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Afghanistan-born Nemat Sadat is an activist and journalist currently based in the US. He is the first native from Afghanistan to have publicly come out as gay and campaign for LGBTQIA rights among Muslims worldwide. Holder of six university degrees, including those from Harvard, Columbia, and Oxford, The Carpet Weaver, a sweeping tale of a young gay man’s struggle to come of age and find love in the face of brutal persecution, is his debut novel. IBNS correspondent Nitin Waghela catches up with him at an event called Rainbow Talk at American Center in Kolkata.
What inspired you to write The Carpet Weaver?
James Baldwin (late African American novelist and activist) had a great impact on my writing as he had gone through the same experiences I had gone through — him being a gay black man and then being marginalised in United States, and later going to a different country (he went to Paris in France) to write about it. It is something I have had to do with my community in Afghanistan. This apart, of course the phenomenal success of Khaled Hosseini’s Kite Runner made me think I could do the same.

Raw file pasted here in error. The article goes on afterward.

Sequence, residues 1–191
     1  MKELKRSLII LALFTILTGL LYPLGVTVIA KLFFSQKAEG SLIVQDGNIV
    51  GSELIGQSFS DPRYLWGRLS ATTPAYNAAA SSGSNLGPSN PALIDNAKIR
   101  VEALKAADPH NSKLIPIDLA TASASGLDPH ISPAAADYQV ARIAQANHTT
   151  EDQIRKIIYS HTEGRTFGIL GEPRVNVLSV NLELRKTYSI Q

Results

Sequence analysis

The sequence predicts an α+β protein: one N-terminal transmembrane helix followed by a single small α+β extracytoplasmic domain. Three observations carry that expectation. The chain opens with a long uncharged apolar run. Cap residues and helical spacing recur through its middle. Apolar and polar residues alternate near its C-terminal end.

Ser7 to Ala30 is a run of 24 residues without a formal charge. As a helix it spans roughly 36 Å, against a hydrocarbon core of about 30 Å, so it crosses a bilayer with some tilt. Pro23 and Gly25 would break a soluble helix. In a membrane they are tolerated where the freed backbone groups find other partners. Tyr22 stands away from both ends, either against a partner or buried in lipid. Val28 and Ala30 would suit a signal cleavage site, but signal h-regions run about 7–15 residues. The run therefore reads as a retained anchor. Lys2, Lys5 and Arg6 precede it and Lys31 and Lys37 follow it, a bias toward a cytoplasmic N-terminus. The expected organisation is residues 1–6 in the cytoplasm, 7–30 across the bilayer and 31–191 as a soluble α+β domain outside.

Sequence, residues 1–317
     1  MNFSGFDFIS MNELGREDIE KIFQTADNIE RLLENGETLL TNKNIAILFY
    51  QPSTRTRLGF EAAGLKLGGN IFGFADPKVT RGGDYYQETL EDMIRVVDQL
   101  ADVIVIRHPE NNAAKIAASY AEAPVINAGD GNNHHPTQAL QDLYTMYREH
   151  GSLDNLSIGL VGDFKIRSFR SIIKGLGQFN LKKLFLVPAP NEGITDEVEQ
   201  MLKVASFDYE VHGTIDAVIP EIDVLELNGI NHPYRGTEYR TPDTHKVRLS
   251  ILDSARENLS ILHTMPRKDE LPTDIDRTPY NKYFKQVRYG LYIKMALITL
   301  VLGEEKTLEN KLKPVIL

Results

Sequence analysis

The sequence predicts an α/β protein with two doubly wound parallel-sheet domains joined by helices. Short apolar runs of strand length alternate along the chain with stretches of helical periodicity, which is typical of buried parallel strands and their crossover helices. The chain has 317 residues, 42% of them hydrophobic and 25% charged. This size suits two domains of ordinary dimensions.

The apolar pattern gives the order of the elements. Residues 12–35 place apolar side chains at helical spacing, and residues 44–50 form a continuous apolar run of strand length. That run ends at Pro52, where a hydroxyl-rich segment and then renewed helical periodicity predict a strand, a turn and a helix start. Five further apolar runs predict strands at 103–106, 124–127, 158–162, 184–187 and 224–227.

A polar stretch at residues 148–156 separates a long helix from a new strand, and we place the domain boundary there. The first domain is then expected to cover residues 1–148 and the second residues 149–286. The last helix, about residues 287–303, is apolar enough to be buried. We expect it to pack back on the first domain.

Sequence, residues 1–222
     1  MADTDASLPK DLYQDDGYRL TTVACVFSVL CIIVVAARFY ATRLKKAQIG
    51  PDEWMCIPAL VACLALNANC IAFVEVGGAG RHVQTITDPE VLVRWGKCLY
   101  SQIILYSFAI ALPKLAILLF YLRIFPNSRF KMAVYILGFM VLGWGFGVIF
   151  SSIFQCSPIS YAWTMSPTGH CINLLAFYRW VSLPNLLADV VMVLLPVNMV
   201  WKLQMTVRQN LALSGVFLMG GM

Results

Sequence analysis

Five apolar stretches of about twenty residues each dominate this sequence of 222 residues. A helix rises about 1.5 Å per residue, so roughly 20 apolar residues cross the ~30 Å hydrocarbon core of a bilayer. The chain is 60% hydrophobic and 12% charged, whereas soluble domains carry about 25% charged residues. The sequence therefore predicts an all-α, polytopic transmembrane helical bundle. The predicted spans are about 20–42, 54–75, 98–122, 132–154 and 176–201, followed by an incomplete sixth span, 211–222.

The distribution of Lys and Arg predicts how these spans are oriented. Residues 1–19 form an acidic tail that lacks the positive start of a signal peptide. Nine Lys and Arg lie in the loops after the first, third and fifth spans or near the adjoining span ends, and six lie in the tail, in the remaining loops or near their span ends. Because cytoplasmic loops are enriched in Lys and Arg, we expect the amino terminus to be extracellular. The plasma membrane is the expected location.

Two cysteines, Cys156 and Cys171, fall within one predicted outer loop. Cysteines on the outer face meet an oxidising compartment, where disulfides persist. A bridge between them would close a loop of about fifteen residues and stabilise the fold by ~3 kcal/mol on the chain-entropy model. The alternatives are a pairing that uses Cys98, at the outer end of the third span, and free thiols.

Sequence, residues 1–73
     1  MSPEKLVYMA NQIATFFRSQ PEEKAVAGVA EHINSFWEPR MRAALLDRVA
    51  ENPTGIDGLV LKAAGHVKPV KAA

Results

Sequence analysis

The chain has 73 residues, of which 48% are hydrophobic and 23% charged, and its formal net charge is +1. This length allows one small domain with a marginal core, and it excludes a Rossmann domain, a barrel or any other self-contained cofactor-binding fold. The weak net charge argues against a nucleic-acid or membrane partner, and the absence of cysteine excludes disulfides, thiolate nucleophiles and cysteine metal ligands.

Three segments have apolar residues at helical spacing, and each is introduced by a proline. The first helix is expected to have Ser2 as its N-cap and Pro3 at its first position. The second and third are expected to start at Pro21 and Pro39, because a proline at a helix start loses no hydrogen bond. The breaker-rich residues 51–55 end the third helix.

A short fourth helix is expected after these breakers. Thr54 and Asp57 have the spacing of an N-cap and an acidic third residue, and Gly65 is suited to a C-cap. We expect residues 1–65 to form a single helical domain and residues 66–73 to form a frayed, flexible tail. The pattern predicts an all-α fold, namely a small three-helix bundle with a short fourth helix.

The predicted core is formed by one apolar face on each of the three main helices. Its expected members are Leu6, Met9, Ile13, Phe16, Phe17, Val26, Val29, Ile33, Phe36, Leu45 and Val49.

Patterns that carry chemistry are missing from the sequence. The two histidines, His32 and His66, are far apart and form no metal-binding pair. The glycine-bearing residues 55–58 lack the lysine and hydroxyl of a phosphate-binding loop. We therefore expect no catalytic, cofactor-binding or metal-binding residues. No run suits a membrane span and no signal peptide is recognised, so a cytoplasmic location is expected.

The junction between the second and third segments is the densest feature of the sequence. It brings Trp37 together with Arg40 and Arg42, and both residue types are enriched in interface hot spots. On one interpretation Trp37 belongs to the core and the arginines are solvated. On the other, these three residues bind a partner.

What kind of readers are you expecting to read the book?
I want everyone to read the book, even people with faintest idea or interest about the LGBTQ community. This book is about coming of age of an artist, queer literature, clash of identities and romantic drama; I want it to be accessible for mainstream audience.
How much of introspection did it take for you to complete the novel?
To pen down the novel was all about me coming out of the closet and the shadows to a point where it was okay to share (his sexual orientation) and then going through persecution in Afghanistan. It was all required for me to finish the novel in 11 years.
How does being queer influence your world view?
It does absolutely, and being from the minority you tend to challenge the dominant cultures keen about maintaining their status quo. There are more blind spots in their lenses, while things are clear for those belonging to minorities as they see things through bigger lenses.
Is there a sequel to The Carpet Weaver we can expect?
No, because I want it to be a classic, follow-ups don’t come out so well as I have noticed. I have already thought about my next novel to be a fantasy novel.
Is the Afghan literary works seeing a rise or downfall?
After the advent of Taliban, the literary works have seen a major downfall that continues even now. (IBNS/TWF)